The radical Islamic Web site Revolutionmuslim.com is going after the creators of the TV cartoon series “South Park” after an episode last week included an image of the Prophet Mohammed in disguise. . . .
On Sunday, Revolutionmuslim.com posted an entry that included a warning to South Park creators Trey Parker and Matt Stone that they risk violent retribution – after the 200th episode last week included a satirical discussion about whether an image of the prophet could be shown. In the end, he is portrayed disguised in a bear suit.
The posting on Revolutionmuslim.com says: “We have to warn Matt and Trey that what they are doing is stupid and they will probably wind up like Theo Van Gogh for airing this show. This is not a threat, but a warning of the reality of what will likely happen to them.”
. . . The posting on Revolutionmuslim.com features a graphic photograph of Van Gogh with his throat cut and a dagger in his chest.
The entry on Revolutionmuslim.com goes on to advise readers:
“You can contact them [the makers of South Park], or pay Comedy Central or their own company a visit at these addresses …” before listing Comedy Central’s New York address, and the Los Angeles, California, address of Parker and Sloane’s production company. . . .
Over still photographs of Parker, Stone, van Gogh and others, the Web site runs audio of a sermon by the radical U.S.-born preacher Anwar al-Awlaki, who is now in hiding in Yemen. The sermon, recorded some time ago, talks about assassinating those who have “defamed” the Prophet Mohammed – citing one religious authority as saying “Harming Allah and his messenger is a reason to encourage Muslims to kill whoever does that.” . . .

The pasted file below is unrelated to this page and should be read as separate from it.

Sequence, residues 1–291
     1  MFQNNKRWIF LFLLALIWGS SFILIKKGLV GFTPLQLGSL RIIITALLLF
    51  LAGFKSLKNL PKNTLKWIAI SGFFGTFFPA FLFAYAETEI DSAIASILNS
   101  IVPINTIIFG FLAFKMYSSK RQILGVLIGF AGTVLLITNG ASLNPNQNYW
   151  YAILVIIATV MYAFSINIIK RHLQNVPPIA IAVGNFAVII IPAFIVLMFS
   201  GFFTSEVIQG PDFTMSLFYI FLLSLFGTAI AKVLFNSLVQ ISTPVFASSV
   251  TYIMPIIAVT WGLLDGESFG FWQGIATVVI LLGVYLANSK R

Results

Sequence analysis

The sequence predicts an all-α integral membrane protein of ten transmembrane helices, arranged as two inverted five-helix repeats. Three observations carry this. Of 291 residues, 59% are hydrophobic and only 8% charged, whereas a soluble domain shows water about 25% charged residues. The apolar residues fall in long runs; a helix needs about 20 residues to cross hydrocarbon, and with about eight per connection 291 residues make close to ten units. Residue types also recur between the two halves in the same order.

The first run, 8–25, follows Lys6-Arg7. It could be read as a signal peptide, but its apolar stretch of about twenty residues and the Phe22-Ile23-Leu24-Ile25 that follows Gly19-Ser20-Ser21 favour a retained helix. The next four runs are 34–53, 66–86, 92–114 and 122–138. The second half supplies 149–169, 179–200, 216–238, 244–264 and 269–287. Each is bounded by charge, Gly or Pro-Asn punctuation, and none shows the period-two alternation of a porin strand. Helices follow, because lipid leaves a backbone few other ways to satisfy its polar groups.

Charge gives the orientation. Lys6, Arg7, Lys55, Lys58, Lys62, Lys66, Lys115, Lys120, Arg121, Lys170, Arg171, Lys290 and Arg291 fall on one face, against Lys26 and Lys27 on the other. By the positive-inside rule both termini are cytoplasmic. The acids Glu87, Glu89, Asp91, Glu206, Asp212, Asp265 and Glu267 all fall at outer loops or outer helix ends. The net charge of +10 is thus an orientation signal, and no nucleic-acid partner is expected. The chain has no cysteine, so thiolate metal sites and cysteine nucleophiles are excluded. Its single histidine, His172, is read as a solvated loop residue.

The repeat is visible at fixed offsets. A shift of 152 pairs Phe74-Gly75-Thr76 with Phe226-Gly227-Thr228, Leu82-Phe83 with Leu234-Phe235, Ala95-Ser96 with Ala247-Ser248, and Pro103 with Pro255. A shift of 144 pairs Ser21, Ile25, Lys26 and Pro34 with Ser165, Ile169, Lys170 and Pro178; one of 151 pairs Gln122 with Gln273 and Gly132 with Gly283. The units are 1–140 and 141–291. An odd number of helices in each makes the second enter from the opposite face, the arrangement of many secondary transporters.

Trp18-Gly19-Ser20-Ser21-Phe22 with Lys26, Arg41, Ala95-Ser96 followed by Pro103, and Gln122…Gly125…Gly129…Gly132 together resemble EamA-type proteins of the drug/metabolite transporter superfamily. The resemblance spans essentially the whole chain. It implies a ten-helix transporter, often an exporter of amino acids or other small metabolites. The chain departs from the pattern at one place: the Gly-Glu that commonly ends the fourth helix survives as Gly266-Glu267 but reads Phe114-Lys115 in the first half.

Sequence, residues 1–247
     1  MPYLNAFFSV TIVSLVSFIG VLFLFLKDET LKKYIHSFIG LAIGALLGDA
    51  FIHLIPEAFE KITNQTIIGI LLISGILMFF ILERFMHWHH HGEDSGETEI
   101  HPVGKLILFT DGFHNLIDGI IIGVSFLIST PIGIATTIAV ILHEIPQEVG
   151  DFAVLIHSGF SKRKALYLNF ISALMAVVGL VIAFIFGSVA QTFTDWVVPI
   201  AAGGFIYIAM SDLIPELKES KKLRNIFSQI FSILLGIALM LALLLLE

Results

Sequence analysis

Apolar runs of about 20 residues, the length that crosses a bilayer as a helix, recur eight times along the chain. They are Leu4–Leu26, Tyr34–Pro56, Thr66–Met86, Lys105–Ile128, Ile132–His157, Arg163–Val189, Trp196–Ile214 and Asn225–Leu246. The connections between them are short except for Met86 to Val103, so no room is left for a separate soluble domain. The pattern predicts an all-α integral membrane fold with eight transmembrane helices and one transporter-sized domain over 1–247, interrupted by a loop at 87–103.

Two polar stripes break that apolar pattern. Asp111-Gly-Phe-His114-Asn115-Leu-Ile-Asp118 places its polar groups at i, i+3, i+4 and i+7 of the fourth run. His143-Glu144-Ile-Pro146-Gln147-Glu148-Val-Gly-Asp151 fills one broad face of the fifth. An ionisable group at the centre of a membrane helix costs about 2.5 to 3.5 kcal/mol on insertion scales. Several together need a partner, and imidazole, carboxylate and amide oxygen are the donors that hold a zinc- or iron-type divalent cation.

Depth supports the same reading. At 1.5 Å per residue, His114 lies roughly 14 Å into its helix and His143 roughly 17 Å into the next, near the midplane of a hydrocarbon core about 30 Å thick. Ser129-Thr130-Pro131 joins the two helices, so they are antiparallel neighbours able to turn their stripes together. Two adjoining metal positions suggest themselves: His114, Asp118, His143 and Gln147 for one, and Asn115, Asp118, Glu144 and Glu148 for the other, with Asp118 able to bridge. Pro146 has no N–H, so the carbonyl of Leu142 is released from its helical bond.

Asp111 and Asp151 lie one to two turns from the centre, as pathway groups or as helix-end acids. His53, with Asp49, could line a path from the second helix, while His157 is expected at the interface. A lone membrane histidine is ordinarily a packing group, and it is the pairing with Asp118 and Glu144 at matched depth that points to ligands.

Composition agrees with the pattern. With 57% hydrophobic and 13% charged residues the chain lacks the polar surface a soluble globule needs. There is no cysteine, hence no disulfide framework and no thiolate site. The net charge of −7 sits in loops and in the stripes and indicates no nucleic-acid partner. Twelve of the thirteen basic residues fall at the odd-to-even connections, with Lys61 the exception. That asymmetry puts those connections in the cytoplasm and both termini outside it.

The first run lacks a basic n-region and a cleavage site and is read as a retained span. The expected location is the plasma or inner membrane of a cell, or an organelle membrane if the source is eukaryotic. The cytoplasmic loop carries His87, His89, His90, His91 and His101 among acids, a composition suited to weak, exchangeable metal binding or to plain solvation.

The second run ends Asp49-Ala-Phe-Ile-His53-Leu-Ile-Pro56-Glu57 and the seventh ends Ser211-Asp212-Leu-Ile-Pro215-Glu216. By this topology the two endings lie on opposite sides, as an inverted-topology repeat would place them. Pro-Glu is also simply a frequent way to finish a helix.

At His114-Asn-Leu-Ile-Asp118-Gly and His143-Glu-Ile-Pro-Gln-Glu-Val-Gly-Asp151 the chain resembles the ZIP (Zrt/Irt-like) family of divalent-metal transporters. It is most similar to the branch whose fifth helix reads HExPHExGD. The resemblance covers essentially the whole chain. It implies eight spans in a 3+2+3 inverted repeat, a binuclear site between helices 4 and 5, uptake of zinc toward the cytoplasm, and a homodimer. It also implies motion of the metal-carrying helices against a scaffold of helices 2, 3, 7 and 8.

The clip ends with a warning on a graphic directed at Parker and Stone, saying “The Dust Will Never Settle Down.”
Though such a purported warning would meet the requirements for a “threat” under some cases, I suspect that some courts would not go so far, especially for religiously or politically motivated speech. It’s a close case.
UPDATE: Here is the South Park episode.
I haven’t watched the episode yet, but if a cartoon depicts Mohammed in a bear costume, would the depiction look any different if they had instead depicted me in a bear costume? If all you can see is a full body bear costume, what’s the difference?
On the nature of threats, in my 1984 article, Unraveling the Paradox of Blackmail, I had a footnote that mentioned some cases involving indirect threats:
Under most statutes the threat may be communicated in any fashion, oral or written, explicitly or by innuendo. See Cape v. United States, 283 F.2d 430 (9th Cir.1960) (threat of damage to property was made merely by mentioning troubles that other contractors had had); People v. Massengale, 10 Cal.App.3d 689, 89 Cal.Rptr. 237 (1970) (no explicit threat was made, though behavior was menacing in obtaining contracts from elderly women to trim trees); People v. Oppenheimer, 209 Cal.App.2d 413, 26 Cal.Rptr. 18 (1962) (prisoner’s inquiry in a letter whether judge’s windows were insured constituted threat within extortion statutes, where threats were coupled with a demand that the judge pay the fines the prisoner had incurred); Iozzi v. State, 5 Md.App. 415, 247 A.2d 758 (1968) (threat was conveyed by pointing out what happened to another business, which had been bombed); . . . 31 Am.Jur.2d Extortion, Blackmail, and Threats § 10, at 907-08.
2D UPDATE: After posting, I edited the CNN excerpt for length.